Monday, July 30, 2007

Pay for Play 

An amusing bash of pay-for-play on airlines. This is why I don't like these seedy attempts to pass off interviews as journalism or near-journalism. There are PR practitioners who defend such approaches and use them. We try to avoid them.

There might special occasions in which a practitioner would look to paid interviews, but I can't think of one at the moment. Using paid interviews regularly is laziness or lack of creativity.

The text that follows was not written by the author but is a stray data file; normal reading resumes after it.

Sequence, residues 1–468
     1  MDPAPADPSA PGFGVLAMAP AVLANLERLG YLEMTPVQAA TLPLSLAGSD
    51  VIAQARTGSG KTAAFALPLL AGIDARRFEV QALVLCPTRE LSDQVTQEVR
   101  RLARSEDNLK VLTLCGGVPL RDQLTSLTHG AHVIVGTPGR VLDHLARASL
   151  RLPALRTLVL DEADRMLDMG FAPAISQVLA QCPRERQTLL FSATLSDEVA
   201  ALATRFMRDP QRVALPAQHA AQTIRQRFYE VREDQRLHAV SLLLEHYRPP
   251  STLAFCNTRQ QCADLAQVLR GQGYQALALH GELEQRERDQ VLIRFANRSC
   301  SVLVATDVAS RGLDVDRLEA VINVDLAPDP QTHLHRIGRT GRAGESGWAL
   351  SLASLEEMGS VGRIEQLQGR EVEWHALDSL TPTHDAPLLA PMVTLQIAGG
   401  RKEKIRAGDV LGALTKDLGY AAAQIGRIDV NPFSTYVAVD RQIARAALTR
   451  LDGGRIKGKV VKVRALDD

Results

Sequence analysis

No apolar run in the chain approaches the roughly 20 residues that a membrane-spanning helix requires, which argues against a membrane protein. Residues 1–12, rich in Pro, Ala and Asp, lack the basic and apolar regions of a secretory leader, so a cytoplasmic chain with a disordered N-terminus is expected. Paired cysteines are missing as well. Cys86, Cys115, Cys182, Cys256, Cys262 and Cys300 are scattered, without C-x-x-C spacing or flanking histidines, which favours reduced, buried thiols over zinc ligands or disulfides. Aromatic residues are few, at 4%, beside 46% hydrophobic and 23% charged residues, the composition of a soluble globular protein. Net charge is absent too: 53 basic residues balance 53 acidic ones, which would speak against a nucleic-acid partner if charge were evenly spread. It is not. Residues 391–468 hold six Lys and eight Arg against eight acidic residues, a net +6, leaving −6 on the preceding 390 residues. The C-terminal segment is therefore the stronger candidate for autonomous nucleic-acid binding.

Note too that the producer spammed dozens of people to find one who was willing to pay for the privilege of appearing on the show. If it were an honor, there wouldn't be such hard work to get someone to pay for it. As for the conclusion that there will be more pay-for-play in the future, PR practitioners especially should oppose it. We should be against it not because it will cost clients more but because it destroys credibility, the impartial editorial vetting of concepts, products and services. We're not in the infomercial business. Or, if we are, someone failed to tell me that when I entered this business decades ago. We're in the unpaid persuasion business.


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